Writing FAQs

Do you have questions about writing? Lots of creative entrepreneurs, solopreneurs, and bloggers do. Here are some that I’m asked regularly enough that I thought, “Hey, that would make a good roundup blog post, Jodi.”

How/where do I start?

It all starts with a brain dump. I discussed that process in this post. If you have a general topic in mind, then brain dump surrounding that. If you know you want to write a book but have no idea what to write about, brain dump some of the things you regularly blog about or asked about (AKA your zone of genius). Once you do an initial brain dump, see where you are. Are any themes emerging? Are there topics/phrases that can be grouped together?

How many words should my book be?

I want to roll my eyes at myself for saying this (because it’s such a non-answer), but the truth is this: Your book should be as many words as it takes to adequately cover your topic. Don’t get too hung up on word count. For an average-length nonfiction book, that is generally between 60,000 and 80,000 words. If you’ve said all there is to say and you have 30,000 words, you might think about making it a lower-priced ebook instead. (Alternatively, you might review those 30,000 words with a fine-toothed comb and see if there are sections that could be expanded with new material or interviews, or new topics that could be introduced.) If you’re at 90,000 words and only about halfway through your notes, then your topic is probably not meant to be just one book. Is it really two topics with some overlap? (See that? You’re an author already!)

What if I’m not a good writer?

Even professional writers worry about this. Here are a couple tips:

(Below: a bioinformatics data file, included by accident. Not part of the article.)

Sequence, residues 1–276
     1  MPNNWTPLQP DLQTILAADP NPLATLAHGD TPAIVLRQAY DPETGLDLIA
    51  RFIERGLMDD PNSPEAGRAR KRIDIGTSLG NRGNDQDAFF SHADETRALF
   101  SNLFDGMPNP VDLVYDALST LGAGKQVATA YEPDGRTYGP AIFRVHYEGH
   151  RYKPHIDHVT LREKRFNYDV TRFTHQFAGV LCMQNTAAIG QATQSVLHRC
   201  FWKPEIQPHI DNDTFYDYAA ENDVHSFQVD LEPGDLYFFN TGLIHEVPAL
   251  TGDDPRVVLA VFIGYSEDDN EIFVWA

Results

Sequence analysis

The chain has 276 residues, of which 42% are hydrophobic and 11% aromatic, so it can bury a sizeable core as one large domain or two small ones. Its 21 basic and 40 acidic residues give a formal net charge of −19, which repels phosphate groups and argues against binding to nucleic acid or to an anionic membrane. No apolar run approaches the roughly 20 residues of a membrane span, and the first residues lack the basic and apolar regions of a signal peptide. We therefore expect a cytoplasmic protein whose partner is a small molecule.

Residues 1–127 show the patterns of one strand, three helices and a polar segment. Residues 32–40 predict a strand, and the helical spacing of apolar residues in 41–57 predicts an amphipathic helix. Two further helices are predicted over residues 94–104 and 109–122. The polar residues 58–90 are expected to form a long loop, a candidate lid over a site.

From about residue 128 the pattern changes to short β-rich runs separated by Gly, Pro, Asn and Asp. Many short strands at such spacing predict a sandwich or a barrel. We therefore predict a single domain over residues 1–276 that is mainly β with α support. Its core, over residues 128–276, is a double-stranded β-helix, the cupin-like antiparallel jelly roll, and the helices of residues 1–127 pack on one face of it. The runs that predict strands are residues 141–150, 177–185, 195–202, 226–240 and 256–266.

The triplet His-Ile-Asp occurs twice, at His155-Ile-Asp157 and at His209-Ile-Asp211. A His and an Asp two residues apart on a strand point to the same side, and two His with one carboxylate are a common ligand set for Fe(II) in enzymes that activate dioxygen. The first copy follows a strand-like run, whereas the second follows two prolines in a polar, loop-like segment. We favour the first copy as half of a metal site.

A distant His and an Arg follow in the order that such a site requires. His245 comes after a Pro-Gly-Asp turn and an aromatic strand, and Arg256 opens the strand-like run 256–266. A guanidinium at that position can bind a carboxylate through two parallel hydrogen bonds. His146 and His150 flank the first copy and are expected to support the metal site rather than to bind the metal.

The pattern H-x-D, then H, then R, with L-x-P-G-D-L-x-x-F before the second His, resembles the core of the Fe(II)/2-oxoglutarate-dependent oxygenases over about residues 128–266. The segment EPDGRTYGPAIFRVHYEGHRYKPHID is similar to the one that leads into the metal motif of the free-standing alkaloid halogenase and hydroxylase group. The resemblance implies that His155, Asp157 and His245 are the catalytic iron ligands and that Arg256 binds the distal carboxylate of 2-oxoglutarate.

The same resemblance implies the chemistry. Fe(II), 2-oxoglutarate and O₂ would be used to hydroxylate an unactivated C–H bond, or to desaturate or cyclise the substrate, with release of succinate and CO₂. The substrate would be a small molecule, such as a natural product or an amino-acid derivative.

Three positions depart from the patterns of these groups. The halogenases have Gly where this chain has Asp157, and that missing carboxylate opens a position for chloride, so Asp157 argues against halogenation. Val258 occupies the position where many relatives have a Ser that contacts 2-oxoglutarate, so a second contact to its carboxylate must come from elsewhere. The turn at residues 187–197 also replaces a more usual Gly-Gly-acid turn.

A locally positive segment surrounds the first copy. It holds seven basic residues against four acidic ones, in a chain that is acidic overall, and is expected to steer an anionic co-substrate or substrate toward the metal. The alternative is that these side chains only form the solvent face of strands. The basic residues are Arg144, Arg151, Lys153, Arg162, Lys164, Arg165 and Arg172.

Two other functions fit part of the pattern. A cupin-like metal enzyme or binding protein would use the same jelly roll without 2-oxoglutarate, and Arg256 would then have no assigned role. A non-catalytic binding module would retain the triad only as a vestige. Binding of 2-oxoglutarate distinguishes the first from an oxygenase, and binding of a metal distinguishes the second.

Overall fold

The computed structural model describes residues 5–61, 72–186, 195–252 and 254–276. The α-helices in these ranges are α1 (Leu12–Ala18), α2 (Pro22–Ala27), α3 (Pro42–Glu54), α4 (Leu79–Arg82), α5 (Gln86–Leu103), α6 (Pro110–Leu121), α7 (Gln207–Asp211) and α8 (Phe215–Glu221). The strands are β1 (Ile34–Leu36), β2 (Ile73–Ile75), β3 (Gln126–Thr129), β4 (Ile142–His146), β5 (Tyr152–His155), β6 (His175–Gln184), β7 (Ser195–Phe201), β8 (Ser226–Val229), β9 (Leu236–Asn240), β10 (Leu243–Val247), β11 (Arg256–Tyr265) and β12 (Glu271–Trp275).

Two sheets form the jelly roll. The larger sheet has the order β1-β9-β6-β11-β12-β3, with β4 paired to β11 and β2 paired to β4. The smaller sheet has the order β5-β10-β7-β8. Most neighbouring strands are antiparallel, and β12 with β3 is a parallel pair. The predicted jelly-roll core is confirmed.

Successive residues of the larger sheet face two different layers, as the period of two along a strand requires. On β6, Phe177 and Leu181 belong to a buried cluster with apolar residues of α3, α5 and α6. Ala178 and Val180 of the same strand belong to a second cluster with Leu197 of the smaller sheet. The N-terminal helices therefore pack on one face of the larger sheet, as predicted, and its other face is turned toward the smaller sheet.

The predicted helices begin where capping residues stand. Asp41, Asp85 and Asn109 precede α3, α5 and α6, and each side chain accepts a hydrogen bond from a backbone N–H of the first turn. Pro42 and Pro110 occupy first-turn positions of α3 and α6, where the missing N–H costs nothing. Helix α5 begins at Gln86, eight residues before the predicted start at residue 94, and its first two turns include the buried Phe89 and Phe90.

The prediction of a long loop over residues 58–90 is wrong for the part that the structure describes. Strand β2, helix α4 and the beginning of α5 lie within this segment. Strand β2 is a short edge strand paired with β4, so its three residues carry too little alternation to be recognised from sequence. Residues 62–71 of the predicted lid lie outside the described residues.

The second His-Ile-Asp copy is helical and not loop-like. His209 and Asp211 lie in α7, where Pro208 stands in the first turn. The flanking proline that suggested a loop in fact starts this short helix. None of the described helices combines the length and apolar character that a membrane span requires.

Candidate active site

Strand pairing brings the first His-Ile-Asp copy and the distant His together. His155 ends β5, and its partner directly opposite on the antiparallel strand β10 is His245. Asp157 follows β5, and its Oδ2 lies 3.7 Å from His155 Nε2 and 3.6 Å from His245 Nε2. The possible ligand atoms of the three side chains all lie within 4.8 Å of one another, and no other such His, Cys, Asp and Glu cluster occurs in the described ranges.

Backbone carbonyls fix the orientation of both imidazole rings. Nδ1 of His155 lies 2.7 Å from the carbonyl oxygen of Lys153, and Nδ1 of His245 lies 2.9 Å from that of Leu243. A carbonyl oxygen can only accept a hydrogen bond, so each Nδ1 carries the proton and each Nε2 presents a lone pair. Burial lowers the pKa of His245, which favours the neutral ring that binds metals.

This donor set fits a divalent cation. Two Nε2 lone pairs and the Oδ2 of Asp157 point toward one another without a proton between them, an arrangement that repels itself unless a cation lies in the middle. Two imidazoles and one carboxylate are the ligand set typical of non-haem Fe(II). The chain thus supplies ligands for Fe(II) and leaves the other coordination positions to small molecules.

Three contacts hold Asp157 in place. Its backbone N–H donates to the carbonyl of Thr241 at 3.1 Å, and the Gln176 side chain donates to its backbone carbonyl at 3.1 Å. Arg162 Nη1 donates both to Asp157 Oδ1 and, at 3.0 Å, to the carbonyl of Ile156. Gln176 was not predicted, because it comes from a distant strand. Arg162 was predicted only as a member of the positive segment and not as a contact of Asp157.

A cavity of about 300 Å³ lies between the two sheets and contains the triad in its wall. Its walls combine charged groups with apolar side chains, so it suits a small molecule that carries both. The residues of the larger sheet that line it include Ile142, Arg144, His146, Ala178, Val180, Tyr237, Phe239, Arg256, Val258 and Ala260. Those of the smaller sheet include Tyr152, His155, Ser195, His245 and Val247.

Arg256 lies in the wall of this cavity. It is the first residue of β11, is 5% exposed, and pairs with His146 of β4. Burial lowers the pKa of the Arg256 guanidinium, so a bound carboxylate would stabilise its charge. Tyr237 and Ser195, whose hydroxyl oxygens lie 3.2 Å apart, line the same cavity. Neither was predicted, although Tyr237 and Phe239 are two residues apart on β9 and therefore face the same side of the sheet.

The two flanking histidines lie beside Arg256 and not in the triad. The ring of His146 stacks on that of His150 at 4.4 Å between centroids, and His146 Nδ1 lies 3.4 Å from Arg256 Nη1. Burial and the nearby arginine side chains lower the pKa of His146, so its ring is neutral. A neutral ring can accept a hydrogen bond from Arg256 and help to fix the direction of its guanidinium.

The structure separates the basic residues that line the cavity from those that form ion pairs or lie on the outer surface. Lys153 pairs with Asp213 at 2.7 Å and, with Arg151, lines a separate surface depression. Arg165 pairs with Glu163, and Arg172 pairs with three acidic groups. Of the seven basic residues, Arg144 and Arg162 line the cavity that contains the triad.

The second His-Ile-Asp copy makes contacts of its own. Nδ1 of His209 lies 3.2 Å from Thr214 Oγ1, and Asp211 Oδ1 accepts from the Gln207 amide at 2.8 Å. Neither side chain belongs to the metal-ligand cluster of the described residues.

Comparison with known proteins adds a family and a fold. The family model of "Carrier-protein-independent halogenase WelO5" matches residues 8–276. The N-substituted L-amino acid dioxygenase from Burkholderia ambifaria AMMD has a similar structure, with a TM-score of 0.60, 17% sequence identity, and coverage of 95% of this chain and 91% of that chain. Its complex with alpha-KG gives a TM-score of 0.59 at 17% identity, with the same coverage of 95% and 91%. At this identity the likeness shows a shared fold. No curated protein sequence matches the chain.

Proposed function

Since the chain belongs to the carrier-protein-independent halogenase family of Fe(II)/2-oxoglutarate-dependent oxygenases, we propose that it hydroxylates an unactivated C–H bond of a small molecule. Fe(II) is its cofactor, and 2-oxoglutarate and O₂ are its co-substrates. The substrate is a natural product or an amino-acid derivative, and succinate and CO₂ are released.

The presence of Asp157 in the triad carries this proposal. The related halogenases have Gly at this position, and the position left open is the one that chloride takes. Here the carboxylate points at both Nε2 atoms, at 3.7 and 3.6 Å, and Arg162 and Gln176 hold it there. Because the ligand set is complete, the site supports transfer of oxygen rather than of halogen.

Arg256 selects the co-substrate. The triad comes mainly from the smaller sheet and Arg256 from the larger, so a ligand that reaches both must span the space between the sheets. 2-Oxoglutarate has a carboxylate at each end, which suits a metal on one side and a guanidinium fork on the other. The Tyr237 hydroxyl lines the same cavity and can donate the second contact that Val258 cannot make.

1. Practice, practice, practice. Write every single day. Read what you write so you learn your tendencies, your style, words you overuse, your tone. Writing is a craft that must be honed.

  2. Be realistic. The first draft of anything stinks.

  3. Worry less about this and more about your content. There are people who can help your writing look better (think ghostwriter or development editor). You’re not writing a novel, anyway, so no one expects to read Shakespeare. Your readers want your content.

Is XYZ a good book topic?

I wish I had a crystal ball and could predict book sales, but alas. When my clients and potential clients ask about this, here’s what I tell them: Do an Amazon search. If there are zero books on the topic, there’s probably a reason why. (I mean, not one? Do you know how many books are out there??) On the opposite end of the spectrum, if there are dozens or more books on your topic, you probably want to narrow your focus. It’s harder (and more work) to stand out in a saturated market.

Do I really have to write every day?

Of course not. But if you don’t, your writing likely won’t improve — nor will writing come easier to you, which is one of the biggest complaints creative entrepreneurs, solopreneurs, and really anyone who is’t a professional writer has. You can free-write for 10-15 minutes each day. You can find a book or website with writing prompts. Above I likened writing to a craft that must be honed. If you’ve followed me for a while, you’ve likely also heard me liken it to a muscle that gets stronger with use. Potato, po-tah-to — same idea.

How many drafts do I need before it’s ready?

Another question without a right-or-wrong answer. (Have you gathered yet that there’s a lot of gray area when it comes to writing, versus black-and-white, right-vs.-wrong?) There’s simply no way to know in advance how many drafts you’ll need to write or how many rounds of revision you’ll need before your manuscript is ready. (Notice I did not say “perfect”!) I CAN tell you, however — without hesitation — that the answer is more than one. Generally, my clients find that after two to three full drafts, they’re working with sections of text (versus the entire thing). If you work with a developmental editor or writing coach, you may find that you’re revising chapters as you go rather than re-drafting the entire book once you’ve written the last word.kill comes into play here, too.

What other writing-related questions do you have? Let me know what they are so I can answer them for you!